Included in the standard first aid course curriculum is training to rescue a infant with a obstructed airway. Participants will learn to clear an airway obstruction and restore normal breathing in a conscious infant patient. Participants will have to include skills and knowledge learned in previous sections such as scene assessment, obtaining consent and adapting to a dynamic scenario. This page is dedicated to the key aspects to successfully completing the rescue component of a conscious infant with a obstructed airway. This is a brief overview of the key components, if you want to learn to recognize and treat choking infants take a standard first aid course. The material posted on this page is for information purposes only.
To successfully complete the course candidates must:
- Assess the scene for any hazards.
- Recognize the level of obstruction.
- Identify him or herself to the parents or caregivers and obtain consent.
For a mild obstruction rescuers should:
- Encourage the patient to keep coughing.
- Reassure the patient.
For a severe obstruction rescuers should:
Carefully landmark either on the infants back or chest. Rescuer will alternate between 5 back blows and 5 chest thrusts until the airway is clear or the level of consciousness changes.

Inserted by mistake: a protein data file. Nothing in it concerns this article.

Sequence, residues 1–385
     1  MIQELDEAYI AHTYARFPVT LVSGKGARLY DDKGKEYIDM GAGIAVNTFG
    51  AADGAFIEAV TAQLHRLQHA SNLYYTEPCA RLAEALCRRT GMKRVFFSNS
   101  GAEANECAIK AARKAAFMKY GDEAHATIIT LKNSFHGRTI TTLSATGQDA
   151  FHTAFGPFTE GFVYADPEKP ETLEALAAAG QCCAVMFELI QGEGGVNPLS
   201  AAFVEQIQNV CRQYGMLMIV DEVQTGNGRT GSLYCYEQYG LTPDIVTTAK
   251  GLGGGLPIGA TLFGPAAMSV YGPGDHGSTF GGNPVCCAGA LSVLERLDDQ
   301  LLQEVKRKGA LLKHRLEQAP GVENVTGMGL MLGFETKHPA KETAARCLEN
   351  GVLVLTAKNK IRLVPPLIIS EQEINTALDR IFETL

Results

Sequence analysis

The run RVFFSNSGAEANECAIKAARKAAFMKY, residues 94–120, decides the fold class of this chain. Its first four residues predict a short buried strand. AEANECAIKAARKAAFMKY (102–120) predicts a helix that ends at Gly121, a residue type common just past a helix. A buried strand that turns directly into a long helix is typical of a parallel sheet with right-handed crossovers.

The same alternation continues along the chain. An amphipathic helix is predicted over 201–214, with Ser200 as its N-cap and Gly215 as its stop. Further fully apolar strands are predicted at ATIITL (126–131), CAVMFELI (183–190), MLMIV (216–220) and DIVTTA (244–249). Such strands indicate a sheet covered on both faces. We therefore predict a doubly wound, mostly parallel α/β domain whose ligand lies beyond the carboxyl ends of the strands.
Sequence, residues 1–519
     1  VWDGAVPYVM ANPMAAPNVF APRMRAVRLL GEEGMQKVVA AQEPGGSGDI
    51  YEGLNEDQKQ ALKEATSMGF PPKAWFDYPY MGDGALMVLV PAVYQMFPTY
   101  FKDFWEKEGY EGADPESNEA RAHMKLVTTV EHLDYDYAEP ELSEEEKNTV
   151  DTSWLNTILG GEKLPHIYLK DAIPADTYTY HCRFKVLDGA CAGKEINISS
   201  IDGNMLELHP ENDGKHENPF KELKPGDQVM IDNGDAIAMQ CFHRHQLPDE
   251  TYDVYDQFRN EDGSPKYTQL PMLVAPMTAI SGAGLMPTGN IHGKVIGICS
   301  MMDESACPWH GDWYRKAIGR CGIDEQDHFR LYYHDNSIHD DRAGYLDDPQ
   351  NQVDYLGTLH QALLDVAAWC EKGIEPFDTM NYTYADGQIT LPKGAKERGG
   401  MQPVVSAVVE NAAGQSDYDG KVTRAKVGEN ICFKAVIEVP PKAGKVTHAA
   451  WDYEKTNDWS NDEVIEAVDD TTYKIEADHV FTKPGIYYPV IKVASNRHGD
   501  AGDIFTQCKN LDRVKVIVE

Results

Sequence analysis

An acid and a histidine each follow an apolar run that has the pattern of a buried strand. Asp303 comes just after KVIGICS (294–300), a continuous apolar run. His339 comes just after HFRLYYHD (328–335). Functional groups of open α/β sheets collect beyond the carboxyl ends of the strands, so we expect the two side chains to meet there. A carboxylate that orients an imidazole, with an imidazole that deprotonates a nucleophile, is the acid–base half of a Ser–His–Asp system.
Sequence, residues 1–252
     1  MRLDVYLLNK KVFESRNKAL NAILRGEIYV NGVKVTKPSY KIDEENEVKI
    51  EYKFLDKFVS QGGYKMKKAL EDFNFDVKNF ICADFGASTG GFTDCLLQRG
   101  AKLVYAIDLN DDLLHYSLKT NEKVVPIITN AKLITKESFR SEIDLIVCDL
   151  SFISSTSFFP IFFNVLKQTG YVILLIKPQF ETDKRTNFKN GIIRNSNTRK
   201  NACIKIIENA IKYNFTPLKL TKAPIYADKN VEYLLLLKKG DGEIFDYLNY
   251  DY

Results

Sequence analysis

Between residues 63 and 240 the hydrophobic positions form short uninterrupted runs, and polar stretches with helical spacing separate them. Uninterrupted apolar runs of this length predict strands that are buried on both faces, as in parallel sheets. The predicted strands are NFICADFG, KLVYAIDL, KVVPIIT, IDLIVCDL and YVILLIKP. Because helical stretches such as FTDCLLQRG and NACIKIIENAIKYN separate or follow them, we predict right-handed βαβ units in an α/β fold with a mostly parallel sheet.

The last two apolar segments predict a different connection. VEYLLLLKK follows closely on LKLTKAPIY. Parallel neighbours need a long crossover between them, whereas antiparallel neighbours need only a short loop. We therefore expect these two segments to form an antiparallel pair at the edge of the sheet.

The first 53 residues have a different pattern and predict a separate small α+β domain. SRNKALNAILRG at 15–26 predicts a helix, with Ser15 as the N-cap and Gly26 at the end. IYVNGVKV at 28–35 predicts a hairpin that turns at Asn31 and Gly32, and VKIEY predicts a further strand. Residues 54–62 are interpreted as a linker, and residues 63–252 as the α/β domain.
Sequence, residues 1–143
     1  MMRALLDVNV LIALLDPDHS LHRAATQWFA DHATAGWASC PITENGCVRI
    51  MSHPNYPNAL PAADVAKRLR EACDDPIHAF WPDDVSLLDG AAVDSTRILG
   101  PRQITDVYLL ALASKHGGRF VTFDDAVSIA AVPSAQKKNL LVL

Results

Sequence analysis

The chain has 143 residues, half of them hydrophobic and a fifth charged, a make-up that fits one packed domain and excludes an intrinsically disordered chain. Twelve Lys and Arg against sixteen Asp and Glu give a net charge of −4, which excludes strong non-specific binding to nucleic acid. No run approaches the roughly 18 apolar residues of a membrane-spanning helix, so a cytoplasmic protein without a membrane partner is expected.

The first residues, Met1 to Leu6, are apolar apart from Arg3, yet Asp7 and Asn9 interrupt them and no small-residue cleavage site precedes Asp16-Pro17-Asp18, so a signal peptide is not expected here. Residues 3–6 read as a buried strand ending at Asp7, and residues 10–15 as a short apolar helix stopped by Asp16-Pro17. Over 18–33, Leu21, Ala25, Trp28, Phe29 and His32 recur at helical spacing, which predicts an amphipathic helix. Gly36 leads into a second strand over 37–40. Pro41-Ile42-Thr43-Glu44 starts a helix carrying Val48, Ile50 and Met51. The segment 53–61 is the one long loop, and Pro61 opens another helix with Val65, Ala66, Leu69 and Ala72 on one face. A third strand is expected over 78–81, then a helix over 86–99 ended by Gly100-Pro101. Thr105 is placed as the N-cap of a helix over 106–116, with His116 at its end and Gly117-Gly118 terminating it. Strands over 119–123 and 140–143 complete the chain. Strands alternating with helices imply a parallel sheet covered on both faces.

If the rescuer is successful in removing the obstruction he or she should direct the patient and caregiver to seek medical attention immediately.
For a unresponsive patient:
- Rescuer should appropriately and effectively activate emergency medical services and locate a AED.
- Rescuer should perform 30 chest compressions followed by checking the mouth and attempting to ventilate. If ventilation’s are unsuccessful rescuer should continue with chest compressions, checking the mouth and attempted ventilation’s until the airway is clear.
- If the object can be seen when the rescuer is checking the mouth the rescuer should attempt to remove the obstruction.
To successfully complete a standard first aid course candidates must complete the steps posted above. The criteria posted above is the bare minimum requirements to pass this component of standard first aid. Strong hands-on practice and training is necessary to complete the course. Register today to be prepared for any choking emergency.